Solar-Powered Sounds

| 11 Nov 2014 | 02:11

      MOTION TO REJOIN, Brightblack Morning Light’s third full-length record, evokes distant vistas and communion with nature far from the distractions of modern life. It calls to mind haunting wide-open spaces, with its two creators, Nathan “Naybob” Shineywater and Rachael “Ra Ra” Hughes, basking under the glow of the moon, dreaming up shimmery musical offerings for the world.

    The album’s title refers to the back-tothe-land movement, and like their 1960s countercultural counterparts, Hughes and Shineywater fully embrace the philosophy, having lived off the grid on a New Mexico mesa 9,000 feet up for almost three years, with four solar panels powering their home recording.

    “There were times when the sun never came out, and we had no electricity,” says Shineywater via phone, as he travels by van from Denton,Texas, to Austin, the next stop on the band’s tour. “It changes things.You start looking at the sun and going ‘You’re out, you’re going to give me energy to do this.’”

    Being out on that mesa seems to have taken Hughes and Shineywater farther away from civilization than ever, with a lo-fi recording that sounds of another time: Its crisp crackles and subtle buzz produce a loose, live vibe that would likely be erased from more technologically advanced record- ings.Though the band has never been able to afford traditional studios, relying instead on “nomadic sound engineers,” this is the first full album BBML has recorded at the adobe.

    The homespun atmospherics of the album are indicative of the group’s down-toearth aesthetics.The fuzzed out, reverberating voices of Shineywater and Hughes combine for a psychedelic lullaby wrapped in layers of warm vintage keyboards, subtle percussion and soothing guitar and vibraphone.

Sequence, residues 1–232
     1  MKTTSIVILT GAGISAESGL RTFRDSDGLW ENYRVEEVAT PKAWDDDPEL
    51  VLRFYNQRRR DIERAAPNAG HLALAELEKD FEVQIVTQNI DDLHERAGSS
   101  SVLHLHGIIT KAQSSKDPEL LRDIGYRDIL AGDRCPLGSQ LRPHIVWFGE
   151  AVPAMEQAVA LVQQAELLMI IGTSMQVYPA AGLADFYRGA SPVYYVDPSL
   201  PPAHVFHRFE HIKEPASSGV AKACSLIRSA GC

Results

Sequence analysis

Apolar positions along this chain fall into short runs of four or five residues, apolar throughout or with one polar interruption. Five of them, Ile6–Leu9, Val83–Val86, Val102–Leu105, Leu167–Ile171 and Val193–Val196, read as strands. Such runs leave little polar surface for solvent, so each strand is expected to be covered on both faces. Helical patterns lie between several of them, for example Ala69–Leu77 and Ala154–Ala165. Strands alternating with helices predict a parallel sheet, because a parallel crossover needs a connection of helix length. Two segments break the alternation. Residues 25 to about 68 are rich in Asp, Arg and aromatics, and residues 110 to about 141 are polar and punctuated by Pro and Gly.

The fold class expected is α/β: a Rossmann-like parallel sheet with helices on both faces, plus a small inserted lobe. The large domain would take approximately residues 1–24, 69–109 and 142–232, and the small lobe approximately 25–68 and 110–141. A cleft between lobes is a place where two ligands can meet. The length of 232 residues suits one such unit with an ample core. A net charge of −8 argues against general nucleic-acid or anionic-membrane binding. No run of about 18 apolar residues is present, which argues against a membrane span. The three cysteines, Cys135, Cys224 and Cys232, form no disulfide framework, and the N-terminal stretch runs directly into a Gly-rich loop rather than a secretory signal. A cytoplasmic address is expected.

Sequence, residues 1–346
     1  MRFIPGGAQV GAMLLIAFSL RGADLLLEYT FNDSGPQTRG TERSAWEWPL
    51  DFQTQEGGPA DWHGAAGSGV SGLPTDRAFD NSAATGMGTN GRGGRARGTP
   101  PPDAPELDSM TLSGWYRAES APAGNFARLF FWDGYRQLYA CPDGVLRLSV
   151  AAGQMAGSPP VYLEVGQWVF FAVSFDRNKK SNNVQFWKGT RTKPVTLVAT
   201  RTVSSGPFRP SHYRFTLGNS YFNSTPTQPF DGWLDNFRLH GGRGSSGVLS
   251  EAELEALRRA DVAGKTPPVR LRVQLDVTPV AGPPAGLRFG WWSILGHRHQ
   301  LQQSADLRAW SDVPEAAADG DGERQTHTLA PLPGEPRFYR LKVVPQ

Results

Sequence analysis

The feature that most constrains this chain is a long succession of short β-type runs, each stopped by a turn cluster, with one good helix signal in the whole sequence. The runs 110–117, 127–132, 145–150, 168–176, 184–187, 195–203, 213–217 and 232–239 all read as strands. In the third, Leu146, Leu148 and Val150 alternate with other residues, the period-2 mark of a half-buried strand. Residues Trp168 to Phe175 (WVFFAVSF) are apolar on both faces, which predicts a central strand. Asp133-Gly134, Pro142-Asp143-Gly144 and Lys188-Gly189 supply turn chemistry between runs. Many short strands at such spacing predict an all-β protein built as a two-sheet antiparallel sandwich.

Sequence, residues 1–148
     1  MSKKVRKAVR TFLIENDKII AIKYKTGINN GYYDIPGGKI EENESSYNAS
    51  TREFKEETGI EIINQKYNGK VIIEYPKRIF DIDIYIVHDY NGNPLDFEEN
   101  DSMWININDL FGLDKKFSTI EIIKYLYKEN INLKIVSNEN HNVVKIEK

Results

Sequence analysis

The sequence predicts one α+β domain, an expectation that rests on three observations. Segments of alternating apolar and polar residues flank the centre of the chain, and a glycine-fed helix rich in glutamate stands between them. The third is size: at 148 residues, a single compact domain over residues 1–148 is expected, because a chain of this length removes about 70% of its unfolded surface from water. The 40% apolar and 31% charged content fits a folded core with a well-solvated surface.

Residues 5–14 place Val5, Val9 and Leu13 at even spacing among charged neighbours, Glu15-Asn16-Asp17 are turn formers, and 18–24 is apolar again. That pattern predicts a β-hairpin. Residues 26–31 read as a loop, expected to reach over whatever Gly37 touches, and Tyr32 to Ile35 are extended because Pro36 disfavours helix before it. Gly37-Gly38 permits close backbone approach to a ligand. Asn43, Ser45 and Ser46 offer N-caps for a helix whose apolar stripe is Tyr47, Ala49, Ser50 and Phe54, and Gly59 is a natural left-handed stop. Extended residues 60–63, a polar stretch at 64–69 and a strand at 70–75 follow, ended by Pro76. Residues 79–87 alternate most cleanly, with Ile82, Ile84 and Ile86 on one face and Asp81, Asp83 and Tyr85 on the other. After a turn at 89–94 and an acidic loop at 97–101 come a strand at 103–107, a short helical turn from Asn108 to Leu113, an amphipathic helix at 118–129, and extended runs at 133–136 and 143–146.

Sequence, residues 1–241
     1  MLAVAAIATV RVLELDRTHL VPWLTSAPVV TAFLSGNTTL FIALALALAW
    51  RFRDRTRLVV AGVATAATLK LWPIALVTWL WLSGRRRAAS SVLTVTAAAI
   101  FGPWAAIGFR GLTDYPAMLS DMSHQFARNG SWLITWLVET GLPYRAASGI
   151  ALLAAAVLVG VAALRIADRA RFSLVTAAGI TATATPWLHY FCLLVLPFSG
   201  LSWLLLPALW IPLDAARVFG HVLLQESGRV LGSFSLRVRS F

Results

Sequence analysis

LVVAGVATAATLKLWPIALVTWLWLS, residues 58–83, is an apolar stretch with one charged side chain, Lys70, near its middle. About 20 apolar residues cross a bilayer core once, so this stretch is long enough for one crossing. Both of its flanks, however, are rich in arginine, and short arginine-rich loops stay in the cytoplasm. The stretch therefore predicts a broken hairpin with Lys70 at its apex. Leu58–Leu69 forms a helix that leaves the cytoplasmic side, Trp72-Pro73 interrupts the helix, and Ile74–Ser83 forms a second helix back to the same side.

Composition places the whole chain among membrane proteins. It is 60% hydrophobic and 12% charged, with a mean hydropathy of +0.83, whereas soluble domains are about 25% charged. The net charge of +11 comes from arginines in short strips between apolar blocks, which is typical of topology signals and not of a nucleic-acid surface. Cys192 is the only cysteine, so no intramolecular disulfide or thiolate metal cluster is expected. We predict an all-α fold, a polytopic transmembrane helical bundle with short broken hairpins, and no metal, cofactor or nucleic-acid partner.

And contributions from a number of friends, including trombonist Matthew Davis, saxophonist Stuart Bogie and singing sisters Ann and Regina McCrary, lay down soulful undertones.

    For each of its live performances, the band undergoes a metamorphosis, and at the New York performances (two official and a third “unannounced” secret show), Hughes and Shineywater will play with Davis and drummer Peter Townsend, as well as local flute players and the McCrary sisters.

    But regardless of whom Shineywater and Hughes perform with, their hypnotic recordings and enchanting live shows are imbued with the sort of wonder that comes from spending the vast majority of their time in the wilderness. And Shineywater’s unending fascination with the simultaneous simplicity and expansiveness of life has obvious impacts on his approach to music, as signified by the band’s name. “I’m just infatuated by how we’re spinning around at 144,000 miles per hour right now.We’re all standing still and it’s blue, and at night it’s black,” Shineywater says. “I can’t get over it. It’s a magical thing. It freaks me out.”

    -- Brightblack Morning Light Nov. 17, (Le) Poisson Rouge, 158 Bleecker St. (betw. Sullivan & Thompson Sts.), 212-796-0741; 7, $13. Also at Southpaw, Nov. 18. --